While the Range Rover Sport hasn’t been crash tested by Euro NCAP, safety should be less of a worry. Both the fully fledged Range Rover and the Range Rover Velar managed a five-star result, so there’s little reason to think the Sport would do worse. It shares most of those models’ safety kit after all, including features such as autonomous emergency braking, blind-spot monitoring and electronics designed to help prevent rollover accidents.

Price, value for money & options

 For the right type of driver, the Sport PHEV could bring real cost benefits

Depending on its specification, the 400bhp plug-in hybrid P400e costs around £4,000 more than a Range Rover Sport fitted with a 300bhp V6 diesel engine. Some will consider this a bargain, especially company car drivers considering the potential tax savings – although we’re talking about a car costing well over £70,000 here, so it’s all relative.

However, the savings only really make sense if you plan on driving on electric power a large proportion of the time. If you often drive more than 30 miles a day, or on long trips, a diesel will probably make more sense.

(https://www.carbuyer.co.uk/)

The Lamborghini Countach returns but as a hybrid

In a shocking announcement, Lamborghini announced that their new supercar will be given the legendary name Countach. Whether it is just because of the image, or the new model of the Italian company will again be the best choice for a poster on the wall, remains to be seen.

It is a supercar that will debut this year, and the drive will be largely similar to that of the Xian model. It is a hybrid system that combines a 6.5-liter V12 engine with a supercapacitor. The Countach is expected to have similar power output as the Xian, at around 800 hp.

The supercar, which in addition to the name will get design lines that should be associated with the original Countach, should accelerate from 0 to 100 km / h in less than 3 seconds, and a maximum speed of 350 km / h is expected.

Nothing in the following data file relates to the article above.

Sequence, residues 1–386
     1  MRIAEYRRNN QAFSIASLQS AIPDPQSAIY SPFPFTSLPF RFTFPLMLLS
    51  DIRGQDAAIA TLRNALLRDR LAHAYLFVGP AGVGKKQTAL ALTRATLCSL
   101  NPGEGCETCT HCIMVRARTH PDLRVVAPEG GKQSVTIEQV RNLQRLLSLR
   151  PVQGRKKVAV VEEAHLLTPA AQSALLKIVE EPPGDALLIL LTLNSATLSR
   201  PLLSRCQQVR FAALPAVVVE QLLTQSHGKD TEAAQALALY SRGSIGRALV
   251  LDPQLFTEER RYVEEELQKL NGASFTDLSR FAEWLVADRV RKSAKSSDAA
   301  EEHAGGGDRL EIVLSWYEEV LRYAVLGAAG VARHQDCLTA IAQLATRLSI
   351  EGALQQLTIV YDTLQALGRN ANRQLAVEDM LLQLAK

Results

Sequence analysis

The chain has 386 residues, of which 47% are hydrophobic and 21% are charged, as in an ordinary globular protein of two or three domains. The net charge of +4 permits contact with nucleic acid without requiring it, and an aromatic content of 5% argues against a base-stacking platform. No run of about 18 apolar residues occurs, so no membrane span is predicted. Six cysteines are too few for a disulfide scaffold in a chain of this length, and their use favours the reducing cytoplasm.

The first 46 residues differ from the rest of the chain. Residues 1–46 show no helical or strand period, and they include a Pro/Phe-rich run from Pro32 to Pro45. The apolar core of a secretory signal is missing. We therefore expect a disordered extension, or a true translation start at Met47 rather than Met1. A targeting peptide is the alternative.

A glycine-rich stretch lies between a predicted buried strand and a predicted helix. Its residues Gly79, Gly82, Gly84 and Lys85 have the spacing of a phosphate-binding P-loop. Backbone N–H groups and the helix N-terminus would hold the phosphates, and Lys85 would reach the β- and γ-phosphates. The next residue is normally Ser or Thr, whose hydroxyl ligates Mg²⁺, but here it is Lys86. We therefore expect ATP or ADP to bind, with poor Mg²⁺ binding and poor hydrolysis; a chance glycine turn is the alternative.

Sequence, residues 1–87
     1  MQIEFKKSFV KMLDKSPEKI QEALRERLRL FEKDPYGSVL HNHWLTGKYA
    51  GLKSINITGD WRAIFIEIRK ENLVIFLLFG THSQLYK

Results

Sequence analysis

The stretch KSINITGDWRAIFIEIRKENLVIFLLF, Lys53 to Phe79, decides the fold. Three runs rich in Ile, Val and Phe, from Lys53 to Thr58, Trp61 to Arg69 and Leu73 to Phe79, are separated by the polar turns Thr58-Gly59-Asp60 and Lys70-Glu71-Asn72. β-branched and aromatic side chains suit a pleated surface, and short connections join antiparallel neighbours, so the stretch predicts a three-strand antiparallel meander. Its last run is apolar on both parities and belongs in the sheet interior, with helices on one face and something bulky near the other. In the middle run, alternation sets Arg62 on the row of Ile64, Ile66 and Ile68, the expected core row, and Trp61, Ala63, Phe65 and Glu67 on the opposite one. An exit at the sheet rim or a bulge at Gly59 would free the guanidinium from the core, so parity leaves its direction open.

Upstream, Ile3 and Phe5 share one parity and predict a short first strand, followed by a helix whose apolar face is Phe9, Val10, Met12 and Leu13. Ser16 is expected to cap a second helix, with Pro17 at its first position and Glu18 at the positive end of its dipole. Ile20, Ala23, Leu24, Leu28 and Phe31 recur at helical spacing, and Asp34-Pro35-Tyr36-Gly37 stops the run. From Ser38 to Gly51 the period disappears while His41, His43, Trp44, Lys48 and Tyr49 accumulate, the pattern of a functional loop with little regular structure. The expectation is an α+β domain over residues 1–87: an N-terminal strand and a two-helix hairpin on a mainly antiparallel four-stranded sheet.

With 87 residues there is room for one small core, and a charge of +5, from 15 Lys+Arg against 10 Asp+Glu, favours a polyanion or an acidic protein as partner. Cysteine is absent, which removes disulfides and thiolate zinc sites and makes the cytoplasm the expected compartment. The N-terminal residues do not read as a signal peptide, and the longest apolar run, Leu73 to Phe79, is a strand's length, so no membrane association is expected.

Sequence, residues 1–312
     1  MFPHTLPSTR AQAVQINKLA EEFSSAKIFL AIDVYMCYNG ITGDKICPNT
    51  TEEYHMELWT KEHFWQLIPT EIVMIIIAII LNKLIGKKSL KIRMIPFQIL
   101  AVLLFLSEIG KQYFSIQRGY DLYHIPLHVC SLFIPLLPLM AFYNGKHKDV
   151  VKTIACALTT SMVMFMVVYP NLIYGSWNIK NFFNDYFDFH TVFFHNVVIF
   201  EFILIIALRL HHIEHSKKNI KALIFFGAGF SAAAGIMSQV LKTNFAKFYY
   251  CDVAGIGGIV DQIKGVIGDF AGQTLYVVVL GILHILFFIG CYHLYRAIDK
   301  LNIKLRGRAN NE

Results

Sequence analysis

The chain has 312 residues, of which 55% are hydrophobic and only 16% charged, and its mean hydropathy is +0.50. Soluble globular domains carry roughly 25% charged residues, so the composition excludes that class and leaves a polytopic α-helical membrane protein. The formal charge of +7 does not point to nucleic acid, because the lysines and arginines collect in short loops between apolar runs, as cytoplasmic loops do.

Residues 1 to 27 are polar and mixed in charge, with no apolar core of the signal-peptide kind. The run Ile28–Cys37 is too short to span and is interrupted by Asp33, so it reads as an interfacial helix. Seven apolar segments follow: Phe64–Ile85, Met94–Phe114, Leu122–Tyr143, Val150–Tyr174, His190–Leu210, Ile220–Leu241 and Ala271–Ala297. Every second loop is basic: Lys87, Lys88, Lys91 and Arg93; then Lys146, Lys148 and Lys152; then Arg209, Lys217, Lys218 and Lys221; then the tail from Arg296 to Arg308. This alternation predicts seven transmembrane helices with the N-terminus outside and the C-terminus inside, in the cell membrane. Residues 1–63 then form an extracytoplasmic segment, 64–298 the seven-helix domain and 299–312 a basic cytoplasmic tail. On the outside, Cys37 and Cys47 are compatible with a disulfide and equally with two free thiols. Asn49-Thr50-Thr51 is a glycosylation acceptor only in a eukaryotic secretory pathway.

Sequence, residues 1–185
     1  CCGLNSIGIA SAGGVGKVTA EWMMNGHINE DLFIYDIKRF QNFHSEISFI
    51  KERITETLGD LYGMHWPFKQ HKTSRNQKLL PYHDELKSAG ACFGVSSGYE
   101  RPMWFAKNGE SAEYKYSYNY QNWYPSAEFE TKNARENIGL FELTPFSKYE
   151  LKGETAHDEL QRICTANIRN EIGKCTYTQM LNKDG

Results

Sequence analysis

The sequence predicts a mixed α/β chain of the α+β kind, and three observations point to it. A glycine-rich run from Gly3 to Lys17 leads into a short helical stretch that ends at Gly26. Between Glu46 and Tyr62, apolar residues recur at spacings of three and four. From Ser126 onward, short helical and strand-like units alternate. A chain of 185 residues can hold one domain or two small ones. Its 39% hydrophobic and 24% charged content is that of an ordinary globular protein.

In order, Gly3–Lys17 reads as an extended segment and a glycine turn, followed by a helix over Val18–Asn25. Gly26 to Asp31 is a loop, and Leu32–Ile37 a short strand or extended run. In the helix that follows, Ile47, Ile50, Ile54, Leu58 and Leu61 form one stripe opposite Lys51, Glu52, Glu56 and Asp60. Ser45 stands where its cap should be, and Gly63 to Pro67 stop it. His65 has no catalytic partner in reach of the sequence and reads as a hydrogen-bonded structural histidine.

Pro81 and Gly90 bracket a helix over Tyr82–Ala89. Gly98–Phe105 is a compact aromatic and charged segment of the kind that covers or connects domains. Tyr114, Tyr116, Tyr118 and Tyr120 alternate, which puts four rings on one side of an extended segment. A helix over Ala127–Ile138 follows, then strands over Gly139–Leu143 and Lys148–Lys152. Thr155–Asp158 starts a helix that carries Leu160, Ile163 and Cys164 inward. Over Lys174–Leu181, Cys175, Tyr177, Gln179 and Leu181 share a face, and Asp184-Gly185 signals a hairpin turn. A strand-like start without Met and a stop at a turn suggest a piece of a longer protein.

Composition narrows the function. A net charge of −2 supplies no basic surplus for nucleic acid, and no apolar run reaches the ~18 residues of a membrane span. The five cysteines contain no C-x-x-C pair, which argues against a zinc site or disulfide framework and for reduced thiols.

Lamborghini did not reveal too many details, but it is known that the new Countach will be the last model of this company that uses a supercapacitor, because that technology is not enough to reduce the emission of harmful gases. And while the Italian company is hiding details, meanwhile, the first photos of the new model have been leaked:

According to the announcements of the Italian company, the new Countach will be available in a limited number of copies, such as the Xian and Ultimae models. However, in two years, the premiere of the successor to the Aventador is expected, which will keep the V12 engine, but in a plug-in hybrid edition, because the company is accelerating its transition to electrification.

Aston Martin Valkyrie Spider

Aston Martin announced last week that it would soon introduce the Spider version of the Valkyrie supercar (with the roof panel removable), which has now happened.


The general public can see this model at the Pebble Beach Concours d'Elegance event in California, with which Aston Martin also marks the 70th anniversary of sales in America.


The first Aston Martin in America was the DB2 model offered in 1951, and since then about 25 percent of all produced Aston Martins have been sold in North America.

The Valkyrie Spider has a 6.5-liter V12 hybrid drivetrain with a total of 845 kW / 1150hp, and without a roof it reaches a maximum of 330 km / h (with a mounted roof 350 km / h).


Aston Martin plans to produce only 85 copies of the Valkyrie Spider model, whose first deliveries are announced for the second half of 2022.

The price has not been announced yet, but it will certainly be higher than the 2,310,000 pounds that the Valkyrie Coupe costs.

Someone paid $ 201,000 for a 1995 Toyota Supra Turbo

To convince someone that a Toyota sports car from the mid-1990s is worth $ 200,000 requires skill. Namely, last Friday someone paid as much as $ 201,000 for a 1995 Toyota Supra Turbo.

The Japanese legend is described on the Bring A Trailer auction platform as a preserved specimen that, after being sold in Michigan in 1995, spent 26 years with the first owner. During that period, the Supra covered only about 10,000 kilometers, which turns out to be less than 260 kilometers a year. It still ‘carries’ its original tires, and the attached CarFax document states that it has been serviced only three times.

Anyway, this sale in the US indicates how much reputation the Japanese athlete ‘enjoys’.

Audi offers entry into the world of motorsport for half a million euros